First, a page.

Here we are, 41 years down the road, and I’m once again writing for The Spectator’s Christmas issue. This is a triple one, so I want to make it count. In my sporting days, trying too hard was as counterproductive as not trying hard enough, so let’s see if this principle also applies to the written word.
Eighty-five thousand Yemeni children may have died of hunger, and 10,000 men, women and children have been killed, most of them by indiscriminate and disproportionate air strikes targeting civilians, and that murderous megalomaniac Mohammed bin Salman and his Gulf allies are responsible. Just think of the enormity of the crime: 85,000 under-fives starved to death in the cruellest way possible by those overfed criminals in Riyadh. Then picture George W. Bush, Donald Trump, Jared Kushner and Prince Charles smiling, laughing and breaking bread with such men.
And then switch your attention to Manchester, and Manchester City. Owned by Mansour bin Zayed Al Nahyan, who has a bottomless well of wealth at his disposal as the son of the absolute ruler of the Gulf state Abu Dhabi, the club is lording it over the opposition, having collected every star available. Although fairness on the pitch is not the owner’s strong point, behind the scenes it’s even worse: ever since the Gulf camel-drivers took over, the club has worked tirelessly to get around Uefa’s financial fair play regulations. (Inflated sponsorship deals masking covert cash injections from down south — you name it, they’ve pulled it.)
I could have told anyone who would listen that the moment Gulf or Saudi money is involved, rules no longer apply. These people do not play and intend never to play by the rules, because they know that our best and brightest will genuflect and spread their cheeks for them and then say thank you. So how about Fifa and its craven and crawling president Gianni Infantino fining Manchester City £5 billion for cheating and sending that money to Yemen in food parcels?
Let’s not get our hopes up. Perhaps if they were to lobotomise 99 per cent of those who govern football, a punitive fine and a Christian gesture towards those miserable wretches in Yemen might become a possibility, but not before. In football it’s all take, take, take, and in Saudi and the Gulf it’s now all kill, kill, kill.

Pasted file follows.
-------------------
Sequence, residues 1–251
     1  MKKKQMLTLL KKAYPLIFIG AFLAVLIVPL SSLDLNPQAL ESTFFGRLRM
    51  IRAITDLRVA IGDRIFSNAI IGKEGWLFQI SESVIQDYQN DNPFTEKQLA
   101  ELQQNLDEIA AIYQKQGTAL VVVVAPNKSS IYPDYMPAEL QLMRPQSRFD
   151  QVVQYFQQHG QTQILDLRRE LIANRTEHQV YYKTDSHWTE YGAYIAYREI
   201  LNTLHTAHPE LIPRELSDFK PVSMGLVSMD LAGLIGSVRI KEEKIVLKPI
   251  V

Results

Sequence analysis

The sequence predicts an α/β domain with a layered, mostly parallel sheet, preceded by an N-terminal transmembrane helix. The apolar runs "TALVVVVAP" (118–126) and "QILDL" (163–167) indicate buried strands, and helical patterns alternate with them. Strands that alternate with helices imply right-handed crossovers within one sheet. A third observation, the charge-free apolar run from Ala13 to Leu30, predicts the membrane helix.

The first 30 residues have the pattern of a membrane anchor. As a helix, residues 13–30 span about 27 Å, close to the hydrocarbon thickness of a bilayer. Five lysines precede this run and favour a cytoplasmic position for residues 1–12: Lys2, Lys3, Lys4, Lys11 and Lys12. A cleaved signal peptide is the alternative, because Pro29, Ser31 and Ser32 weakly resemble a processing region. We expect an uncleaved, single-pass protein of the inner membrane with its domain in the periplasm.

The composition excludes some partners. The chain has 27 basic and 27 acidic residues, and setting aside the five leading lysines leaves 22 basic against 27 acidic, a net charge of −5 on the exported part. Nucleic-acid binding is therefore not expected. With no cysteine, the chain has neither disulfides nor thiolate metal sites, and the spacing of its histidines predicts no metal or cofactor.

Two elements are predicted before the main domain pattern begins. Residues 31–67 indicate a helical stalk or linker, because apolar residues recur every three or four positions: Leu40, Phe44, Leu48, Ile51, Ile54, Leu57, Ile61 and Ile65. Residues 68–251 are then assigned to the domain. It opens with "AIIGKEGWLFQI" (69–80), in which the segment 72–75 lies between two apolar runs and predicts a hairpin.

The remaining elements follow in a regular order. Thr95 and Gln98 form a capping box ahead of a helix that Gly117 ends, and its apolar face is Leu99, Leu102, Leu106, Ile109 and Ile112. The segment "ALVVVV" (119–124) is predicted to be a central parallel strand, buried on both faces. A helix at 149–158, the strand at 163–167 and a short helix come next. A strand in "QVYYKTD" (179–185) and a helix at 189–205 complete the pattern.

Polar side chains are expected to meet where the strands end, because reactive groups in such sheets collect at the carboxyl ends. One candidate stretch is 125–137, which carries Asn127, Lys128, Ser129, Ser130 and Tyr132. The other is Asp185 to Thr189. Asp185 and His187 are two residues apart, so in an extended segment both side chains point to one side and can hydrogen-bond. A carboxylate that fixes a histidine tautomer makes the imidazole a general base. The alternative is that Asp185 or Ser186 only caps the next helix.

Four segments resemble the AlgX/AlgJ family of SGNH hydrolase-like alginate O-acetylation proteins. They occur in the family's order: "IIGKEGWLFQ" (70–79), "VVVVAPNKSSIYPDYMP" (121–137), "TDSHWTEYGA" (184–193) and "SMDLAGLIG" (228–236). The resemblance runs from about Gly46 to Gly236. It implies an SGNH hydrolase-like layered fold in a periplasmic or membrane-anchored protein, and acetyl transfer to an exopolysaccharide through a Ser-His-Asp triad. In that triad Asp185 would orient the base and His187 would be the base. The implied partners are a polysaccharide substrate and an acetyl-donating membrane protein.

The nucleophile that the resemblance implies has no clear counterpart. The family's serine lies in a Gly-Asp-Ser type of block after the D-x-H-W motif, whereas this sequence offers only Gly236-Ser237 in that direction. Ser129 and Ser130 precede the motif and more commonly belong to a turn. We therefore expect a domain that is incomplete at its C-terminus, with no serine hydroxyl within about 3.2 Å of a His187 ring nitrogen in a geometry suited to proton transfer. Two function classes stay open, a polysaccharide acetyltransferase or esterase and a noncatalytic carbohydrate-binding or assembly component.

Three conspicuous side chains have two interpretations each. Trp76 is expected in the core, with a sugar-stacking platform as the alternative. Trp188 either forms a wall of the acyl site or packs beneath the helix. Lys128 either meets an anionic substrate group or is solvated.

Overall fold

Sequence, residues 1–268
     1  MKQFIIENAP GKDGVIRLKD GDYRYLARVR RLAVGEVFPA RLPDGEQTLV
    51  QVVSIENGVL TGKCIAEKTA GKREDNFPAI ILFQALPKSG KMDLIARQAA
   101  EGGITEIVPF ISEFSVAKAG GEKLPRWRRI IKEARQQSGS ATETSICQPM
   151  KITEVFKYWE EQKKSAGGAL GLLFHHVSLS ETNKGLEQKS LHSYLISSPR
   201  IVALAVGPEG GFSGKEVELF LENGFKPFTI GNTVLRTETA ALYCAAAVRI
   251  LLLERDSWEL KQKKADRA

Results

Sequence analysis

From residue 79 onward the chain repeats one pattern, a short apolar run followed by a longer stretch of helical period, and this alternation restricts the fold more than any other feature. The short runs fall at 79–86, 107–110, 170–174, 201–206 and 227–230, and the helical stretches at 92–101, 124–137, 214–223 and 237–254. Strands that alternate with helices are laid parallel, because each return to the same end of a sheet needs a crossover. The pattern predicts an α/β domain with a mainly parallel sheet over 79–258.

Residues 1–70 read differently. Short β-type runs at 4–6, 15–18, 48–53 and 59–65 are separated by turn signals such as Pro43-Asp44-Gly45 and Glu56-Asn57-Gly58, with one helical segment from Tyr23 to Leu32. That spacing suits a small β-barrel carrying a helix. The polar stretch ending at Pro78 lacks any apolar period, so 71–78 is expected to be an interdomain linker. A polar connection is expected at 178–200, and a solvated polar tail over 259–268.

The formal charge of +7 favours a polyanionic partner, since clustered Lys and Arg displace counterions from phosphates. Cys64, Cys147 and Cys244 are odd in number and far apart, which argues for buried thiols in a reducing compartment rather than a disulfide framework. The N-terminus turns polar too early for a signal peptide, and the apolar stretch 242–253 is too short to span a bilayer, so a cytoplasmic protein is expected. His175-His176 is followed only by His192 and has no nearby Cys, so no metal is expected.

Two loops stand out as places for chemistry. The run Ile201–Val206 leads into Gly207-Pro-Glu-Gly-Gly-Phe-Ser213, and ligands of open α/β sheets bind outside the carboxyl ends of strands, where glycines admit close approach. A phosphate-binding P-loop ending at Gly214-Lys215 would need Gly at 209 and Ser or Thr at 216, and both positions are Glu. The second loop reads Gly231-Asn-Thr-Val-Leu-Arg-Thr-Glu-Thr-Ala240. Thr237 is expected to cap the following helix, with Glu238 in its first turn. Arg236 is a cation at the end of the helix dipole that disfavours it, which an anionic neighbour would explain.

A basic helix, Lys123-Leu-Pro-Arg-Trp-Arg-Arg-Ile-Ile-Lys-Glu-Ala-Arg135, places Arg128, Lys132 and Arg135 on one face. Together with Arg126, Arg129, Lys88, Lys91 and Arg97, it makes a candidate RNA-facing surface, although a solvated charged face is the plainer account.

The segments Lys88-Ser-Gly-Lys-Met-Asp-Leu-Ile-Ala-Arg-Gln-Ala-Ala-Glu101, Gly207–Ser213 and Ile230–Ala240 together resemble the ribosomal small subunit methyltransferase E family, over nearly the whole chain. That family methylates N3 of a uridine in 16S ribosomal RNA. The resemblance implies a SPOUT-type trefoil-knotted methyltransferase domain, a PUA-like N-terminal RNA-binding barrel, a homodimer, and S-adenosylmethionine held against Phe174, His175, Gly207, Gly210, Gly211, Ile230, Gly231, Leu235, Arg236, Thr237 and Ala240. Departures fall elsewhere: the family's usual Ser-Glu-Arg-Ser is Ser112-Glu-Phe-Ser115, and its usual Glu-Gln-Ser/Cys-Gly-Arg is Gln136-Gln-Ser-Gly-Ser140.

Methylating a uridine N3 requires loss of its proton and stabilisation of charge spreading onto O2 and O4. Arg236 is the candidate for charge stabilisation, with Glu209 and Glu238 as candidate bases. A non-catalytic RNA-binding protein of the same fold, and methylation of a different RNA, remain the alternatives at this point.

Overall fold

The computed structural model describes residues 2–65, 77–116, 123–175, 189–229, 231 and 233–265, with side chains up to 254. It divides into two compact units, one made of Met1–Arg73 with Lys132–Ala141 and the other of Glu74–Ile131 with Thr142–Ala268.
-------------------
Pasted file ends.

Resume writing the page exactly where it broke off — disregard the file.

A few years back, when Baroness Lambert was still alive, I spent a weekend in the company of Kenneth Roth, her house guest and the executive director of Human Rights Watch. Roth was collecting and I was a giver. I asked him in public if any of my moolah would reach the prison camp that is Gaza. To his credit, in front of a mostly Jewish crowd, he answered in the affirmative, and with brio. Some rich bum — Gstaad is full of them — sneered, and I upped my contribution. Roth was terrific in standing up to someone who immediately called him a self-loathing Jew. (So what else is new?)
I have now given up on Trump and his stooge Kushner to stand up to the Saudis. Money is more important to them than morals, so schools, hospitals and weddings will continue to be targeted by the Saudi and Gulf coalition — all done with Uncle Sam-provided ammo.
This is such a human catastrophe that the mind reels. The Turks, who murdered 1.5 million Armenians 100 years ago, are now posing as defenders against murder. The Likudists — I will not write Israelis because there are some very good Israelis who loathe what Netanyahu and the settlers are doing to the Palestinians as much as I do — are in cahoots with the Saudis and the Trumpists against the Iranians, who are trying to protect their Shiite brothers from Uncle Sam’s bombs and are defined as terrorists for doing what the Americans do for Israel. Why is it OK for America to give three billion per year to Israel for arms, and not OK for Iran to help Hezbollah and Hamas to protect the minority Shiites?
Never mind: life’s unfair, as we all know, and the immoral and amoral usually win. Isolating Iran, an ancient culture, is Trump’s trump card. The widespread famine and disease, the thousands of deaths by starvation of innocent Yemenis, all take second place to the Trump, Netanyahu, MBS troika’s bid to make America great again. I was a Trump fan until now. But I have seen the light. Instead of curbing the export of the most evil ideology known to us at present, Salafist Islam, the Donald is encouraging it. Khashoggi was no angel. He was for the Muslim Brotherhood and for al-Qaeda. He’s now a hero-martyr because he wrote occasionally for Bezos’s Washington Post. Journalists see themselves as sacrosanct, and he was one of them. If only they had made as much noise when the Turks were killing Armenians and Greeks.
The detestable stench emanating from the Gulf and Saudi Arabia is alleviated slightly by the coming of Christmas. Good will to almost all men is what I say, and especially to you, dear Spectator readers. Happy Christmas.